We tend to view the Samaritan woman as she was on her way to the well that day, but this is not the same person who returned to her village, nor would it ever be again. Messiah changes things, and not merely so, for He makes us new. “If anyone is in Christ,” proclaimed Paul, “the new creation has come: The old has gone and the new is here!”6 Our sin patterns no longer define us—this is true of the woman who left the well, and it is true of us. We have met the Messiah, and we, like she, are new; we are different than when we came. Let no one persuade us otherwise.

Father, thank you for making me a new person in Christ. Help me to trust your faithfulness, your goodness, and your eternal care as you continue to make me like Him. In His name I pray. Amen.

1 John 4:9
2 John 4:26
3 John 4:10
John 4:14
5 John 4:15
6 2 Corinthians 5:17, 21

Something Better

Shortly into their marriage, my mother and father faced a minor dilemma; it concerned card games. Both of them enjoyed this recreational blend of socializing and strategy, but there was just one hitch: Dad liked pinochle, and Mom enjoyed bridge. Neither had played the other game before, so they agreed to try each one together and then decide which to pursue as a couple. They joined friends for bridge first, and on the way home, my father said, “We can forget pinochle.” He would let go of his old pastime, for he had found something better.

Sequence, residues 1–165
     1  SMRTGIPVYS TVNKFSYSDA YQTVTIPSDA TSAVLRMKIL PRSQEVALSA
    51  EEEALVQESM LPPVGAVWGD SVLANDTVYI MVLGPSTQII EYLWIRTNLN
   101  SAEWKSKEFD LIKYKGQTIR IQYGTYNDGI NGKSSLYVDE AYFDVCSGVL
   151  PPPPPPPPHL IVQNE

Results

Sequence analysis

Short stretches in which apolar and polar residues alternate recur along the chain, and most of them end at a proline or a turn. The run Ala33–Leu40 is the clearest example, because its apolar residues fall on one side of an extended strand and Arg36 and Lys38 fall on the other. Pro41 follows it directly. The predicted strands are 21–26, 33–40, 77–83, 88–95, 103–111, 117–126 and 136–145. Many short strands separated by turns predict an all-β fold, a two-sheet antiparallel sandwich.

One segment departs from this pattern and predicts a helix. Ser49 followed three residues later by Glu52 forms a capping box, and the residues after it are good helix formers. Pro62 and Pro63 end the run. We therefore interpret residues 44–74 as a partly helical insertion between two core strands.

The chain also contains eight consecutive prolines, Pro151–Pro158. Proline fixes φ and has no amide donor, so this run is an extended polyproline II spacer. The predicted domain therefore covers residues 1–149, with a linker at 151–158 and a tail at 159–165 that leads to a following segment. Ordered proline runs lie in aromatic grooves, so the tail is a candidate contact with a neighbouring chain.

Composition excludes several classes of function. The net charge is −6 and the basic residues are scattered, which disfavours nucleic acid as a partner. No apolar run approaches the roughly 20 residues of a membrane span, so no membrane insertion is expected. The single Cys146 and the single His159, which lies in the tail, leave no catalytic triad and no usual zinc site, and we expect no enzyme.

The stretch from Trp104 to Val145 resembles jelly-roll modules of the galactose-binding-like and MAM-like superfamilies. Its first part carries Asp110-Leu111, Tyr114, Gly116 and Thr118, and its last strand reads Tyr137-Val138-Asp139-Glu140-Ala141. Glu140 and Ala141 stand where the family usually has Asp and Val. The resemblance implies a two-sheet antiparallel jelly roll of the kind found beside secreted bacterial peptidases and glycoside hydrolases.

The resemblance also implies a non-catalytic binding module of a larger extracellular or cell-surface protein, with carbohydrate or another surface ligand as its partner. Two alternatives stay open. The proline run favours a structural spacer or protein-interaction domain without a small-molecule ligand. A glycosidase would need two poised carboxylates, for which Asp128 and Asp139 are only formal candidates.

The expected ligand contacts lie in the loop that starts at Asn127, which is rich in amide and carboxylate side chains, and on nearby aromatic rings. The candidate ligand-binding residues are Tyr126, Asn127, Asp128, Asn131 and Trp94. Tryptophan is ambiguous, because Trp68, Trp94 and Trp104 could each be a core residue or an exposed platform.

It is human nature to favor the familiar; we shed old paradigms only when that which is superior shines brighter by comparison. Such was the case with the woman at the well. Their repartee about bodily thirst and social propriety now behind them, her conversation with Jesus turned to deeper matters of the spirit, and as it did, she scurried for safety in trusted traditions. When He revealed Himself to be the source of living water, she replied, “Are you greater than our father Jacob, who gave us this well and drank from it himself, as did also his sons and his flocks and herds?”1 Then upon perceiving herself in the presence of a prophet, she doubled down in discomfort, “Our fathers worshiped on this mountain, but you Jews claim that the place where we must worship is in Jerusalem.”2

People around the globe and throughout time find comfort in their traditions, yet when these sources of identity become fortresses of retreat and hiding places from Truth, we miss the person of Jesus Christ—the purity of His soul, the fullness of His character and His grand plans for us. He comes to us “not … to condemn the world, but to save the world.”3 He engages us in everyday life through activities as simple as a genuine conversation beside an old well. It was there that a woman saw beyond mountains that divide and cities that separate and to a unifying place where “true worshipers … worship the Father in spirit and truth.”4 It was enough—she was beginning to change, for she had found something better, and leaving her water jar and paradigms behind, she went to tell others about Jesus. Her witness continues today, assuring He will engage us, too, as we leave the safety of our old ways and trust in the One who secures us in Himself.

Father, we are humbled before the openness of the woman at the well. Grace us also to leave behind any comfortable thing that would keep us from trusting entirely in your Son. In His name we pray. Amen.

1 John 4:11, 12
2 John 4:20
3 John 3:17
4 John 4:23